When I talk to Norwegians about this I very quickly turn green. There is state support for disability, single parents, unemployment, and skills training. Health care and pensions are completely provided by the government. The government also provides money and cheap loans for education and housing. There is a mandated 38 hour work week and 14 months of full-pay maternity/paternity leave. The farmer I worked with pooled her government vacation and sick leave pay with other farmers in the village to hire a 'replacement farmer' who shuffled between farms, covering for everyone when they had an emergency or needed a holiday.
The state has also made a conscious effort to hedge against the day when there is no more oil to draw out of the North Sea. They have invested heavily incentives for businesses involved in fish farming, medicine, technology, and renewable energy. There is a law which limits the use of petroleum revenues and mandates that the profits are invested into a pension fund. That fund is currently valued around $189 billion dollars.
This still seems to be a country in transition. It is not yet quite comfortable with wealth, and yet the people in general are now very well off. As you travel through the western fjord country you see thousands of tiny mountainside farms that were abandoned in the 70's and 80's. Many of them are now owned as vacation cabins. And yet you don't see a lot of SUV's, helicopters, iphones, or other evidence of conspicuous consumption. People told me it is not considered good taste to display your wealth.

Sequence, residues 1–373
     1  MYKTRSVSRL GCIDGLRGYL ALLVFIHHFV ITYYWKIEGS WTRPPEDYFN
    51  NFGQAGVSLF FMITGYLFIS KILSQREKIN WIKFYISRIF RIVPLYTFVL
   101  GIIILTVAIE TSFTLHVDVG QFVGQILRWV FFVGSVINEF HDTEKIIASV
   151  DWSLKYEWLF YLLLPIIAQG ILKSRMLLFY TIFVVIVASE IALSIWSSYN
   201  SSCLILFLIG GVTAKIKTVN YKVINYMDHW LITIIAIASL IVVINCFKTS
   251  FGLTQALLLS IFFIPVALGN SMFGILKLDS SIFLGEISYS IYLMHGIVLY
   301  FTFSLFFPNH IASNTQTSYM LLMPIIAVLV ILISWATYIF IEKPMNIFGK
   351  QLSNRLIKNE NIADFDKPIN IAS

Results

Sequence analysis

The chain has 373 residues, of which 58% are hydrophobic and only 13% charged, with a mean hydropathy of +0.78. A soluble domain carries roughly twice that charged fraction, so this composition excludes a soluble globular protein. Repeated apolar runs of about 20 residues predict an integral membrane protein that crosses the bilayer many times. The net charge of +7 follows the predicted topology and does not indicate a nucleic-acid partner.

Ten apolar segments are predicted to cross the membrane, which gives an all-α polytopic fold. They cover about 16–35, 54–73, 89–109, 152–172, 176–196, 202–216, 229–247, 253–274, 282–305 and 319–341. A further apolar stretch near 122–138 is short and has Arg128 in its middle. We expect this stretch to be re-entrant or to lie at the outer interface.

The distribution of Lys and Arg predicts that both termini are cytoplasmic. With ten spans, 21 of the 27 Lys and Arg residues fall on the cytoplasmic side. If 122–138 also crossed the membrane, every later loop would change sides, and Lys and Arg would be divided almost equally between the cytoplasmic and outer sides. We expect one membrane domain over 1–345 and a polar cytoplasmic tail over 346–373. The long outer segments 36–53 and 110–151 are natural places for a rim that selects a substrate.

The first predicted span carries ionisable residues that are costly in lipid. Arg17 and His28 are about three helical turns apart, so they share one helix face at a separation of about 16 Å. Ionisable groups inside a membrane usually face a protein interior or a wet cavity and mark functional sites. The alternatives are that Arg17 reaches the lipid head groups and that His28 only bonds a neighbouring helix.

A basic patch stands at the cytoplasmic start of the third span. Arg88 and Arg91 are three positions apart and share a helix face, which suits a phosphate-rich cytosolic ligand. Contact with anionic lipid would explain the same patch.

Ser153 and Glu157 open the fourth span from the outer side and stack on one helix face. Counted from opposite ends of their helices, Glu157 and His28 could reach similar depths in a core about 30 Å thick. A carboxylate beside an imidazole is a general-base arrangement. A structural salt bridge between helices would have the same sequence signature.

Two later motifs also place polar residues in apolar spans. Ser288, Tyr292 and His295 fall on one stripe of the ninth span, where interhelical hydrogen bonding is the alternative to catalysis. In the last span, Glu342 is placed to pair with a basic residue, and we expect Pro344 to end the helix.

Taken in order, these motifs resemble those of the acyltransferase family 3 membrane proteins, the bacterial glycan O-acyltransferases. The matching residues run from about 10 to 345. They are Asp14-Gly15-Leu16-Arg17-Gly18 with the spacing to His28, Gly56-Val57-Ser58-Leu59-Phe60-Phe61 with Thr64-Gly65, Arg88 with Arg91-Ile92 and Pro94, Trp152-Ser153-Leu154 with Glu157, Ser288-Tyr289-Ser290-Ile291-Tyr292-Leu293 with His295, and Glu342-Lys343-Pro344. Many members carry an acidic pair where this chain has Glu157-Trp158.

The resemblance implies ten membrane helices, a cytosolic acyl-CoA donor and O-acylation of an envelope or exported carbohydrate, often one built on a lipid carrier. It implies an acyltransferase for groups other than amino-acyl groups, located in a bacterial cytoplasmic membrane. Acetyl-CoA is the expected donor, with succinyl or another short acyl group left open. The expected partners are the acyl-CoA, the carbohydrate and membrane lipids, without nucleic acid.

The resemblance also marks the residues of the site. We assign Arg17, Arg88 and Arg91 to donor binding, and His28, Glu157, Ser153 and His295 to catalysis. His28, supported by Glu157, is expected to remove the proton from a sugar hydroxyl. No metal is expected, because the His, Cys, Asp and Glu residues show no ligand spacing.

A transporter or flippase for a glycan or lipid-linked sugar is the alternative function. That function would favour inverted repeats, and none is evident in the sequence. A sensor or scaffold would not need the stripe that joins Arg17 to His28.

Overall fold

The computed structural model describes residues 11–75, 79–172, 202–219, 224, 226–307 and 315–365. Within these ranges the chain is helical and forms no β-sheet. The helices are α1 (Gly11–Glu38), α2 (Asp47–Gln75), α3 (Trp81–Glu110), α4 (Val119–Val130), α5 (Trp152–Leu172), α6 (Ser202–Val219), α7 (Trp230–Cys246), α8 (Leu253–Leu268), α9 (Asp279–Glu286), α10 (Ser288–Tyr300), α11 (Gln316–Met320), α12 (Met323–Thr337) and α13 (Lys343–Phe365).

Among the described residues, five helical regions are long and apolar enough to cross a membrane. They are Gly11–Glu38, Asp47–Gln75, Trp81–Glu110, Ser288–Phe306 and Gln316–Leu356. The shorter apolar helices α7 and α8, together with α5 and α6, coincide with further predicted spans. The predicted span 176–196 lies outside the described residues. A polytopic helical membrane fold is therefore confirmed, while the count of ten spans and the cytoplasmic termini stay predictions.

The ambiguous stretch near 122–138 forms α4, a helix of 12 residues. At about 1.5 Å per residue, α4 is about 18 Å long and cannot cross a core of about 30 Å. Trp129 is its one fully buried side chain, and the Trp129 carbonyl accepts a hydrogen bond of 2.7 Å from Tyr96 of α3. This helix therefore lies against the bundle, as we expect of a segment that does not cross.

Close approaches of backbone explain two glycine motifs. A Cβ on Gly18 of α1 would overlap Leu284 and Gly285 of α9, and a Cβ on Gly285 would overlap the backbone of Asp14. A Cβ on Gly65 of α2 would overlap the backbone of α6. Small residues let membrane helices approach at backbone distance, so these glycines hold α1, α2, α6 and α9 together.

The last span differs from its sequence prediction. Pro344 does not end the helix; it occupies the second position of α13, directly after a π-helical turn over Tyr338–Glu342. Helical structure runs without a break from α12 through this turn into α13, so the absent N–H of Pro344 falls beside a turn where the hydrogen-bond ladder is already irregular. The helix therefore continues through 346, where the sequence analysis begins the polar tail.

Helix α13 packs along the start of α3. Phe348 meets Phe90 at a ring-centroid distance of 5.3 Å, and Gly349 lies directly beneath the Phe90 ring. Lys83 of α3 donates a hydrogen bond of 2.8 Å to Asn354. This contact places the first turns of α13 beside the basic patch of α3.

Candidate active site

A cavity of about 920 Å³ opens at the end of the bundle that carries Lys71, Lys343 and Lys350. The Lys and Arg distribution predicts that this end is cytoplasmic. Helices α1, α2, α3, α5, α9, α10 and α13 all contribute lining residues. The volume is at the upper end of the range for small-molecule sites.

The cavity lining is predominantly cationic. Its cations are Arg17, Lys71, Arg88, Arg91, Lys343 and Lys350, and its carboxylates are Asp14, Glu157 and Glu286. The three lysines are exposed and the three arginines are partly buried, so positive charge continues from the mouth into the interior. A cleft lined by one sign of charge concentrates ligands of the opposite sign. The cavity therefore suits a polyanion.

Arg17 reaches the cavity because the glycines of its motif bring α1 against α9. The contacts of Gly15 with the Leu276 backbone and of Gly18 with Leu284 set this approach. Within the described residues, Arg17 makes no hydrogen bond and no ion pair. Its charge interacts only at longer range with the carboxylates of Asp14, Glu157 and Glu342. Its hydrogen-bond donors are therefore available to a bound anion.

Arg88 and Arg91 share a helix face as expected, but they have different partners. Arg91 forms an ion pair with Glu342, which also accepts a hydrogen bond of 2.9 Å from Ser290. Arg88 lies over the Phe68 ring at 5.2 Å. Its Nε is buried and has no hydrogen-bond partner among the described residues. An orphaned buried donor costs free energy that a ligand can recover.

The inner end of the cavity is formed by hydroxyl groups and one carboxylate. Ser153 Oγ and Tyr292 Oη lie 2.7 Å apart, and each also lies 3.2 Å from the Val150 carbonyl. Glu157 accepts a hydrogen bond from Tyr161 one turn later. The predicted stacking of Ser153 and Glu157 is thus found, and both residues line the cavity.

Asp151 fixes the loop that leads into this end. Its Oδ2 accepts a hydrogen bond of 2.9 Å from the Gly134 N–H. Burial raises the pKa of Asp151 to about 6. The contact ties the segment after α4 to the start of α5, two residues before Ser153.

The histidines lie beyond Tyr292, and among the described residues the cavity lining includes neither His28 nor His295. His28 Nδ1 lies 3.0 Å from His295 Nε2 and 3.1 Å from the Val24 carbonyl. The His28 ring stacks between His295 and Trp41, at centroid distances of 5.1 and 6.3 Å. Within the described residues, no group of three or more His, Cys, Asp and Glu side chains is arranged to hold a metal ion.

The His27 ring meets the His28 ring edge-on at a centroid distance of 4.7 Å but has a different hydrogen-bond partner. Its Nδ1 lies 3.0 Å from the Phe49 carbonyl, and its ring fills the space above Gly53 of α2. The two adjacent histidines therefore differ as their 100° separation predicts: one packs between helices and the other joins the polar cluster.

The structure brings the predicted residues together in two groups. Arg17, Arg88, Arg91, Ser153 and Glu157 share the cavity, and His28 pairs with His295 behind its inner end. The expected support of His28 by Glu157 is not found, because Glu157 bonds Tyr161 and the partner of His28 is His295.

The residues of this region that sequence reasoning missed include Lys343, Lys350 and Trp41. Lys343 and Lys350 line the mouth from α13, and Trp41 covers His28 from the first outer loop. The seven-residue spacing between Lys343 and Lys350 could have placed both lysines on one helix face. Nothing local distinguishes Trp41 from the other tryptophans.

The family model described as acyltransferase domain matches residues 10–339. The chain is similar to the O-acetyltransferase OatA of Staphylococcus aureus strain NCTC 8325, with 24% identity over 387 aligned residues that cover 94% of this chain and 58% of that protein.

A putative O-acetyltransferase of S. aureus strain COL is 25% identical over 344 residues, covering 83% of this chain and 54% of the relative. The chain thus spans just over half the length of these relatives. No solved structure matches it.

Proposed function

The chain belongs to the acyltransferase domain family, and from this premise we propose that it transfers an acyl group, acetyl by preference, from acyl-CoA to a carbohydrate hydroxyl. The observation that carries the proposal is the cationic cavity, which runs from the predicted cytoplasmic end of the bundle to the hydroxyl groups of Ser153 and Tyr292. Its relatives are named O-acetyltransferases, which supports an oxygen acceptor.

Norway has quite a lot of millionaires, but not so many billionaires. The US has over 400 billionaires. In Norway there are four. One of them recently pledged to give away his entire fortune before he dies. Another can regularly be found selling fish from his boat on the pier in Oslo.
Of course this country is far from perfect. As a relatively homogenous society, they are struggling with increased immigration and I have personally encountered a fair amount of casual racism. That famous Scandinavian stoicism means that, while people friendly once approached, they are a long way from outgoing and cheerful. I will be glad to return to the US, however frustrated I have been trying to defend our economic system over the last several months.
Yesterday I was here:
Today I am here:
In a week I will be back in the US, and this long explore will be nearly at its end.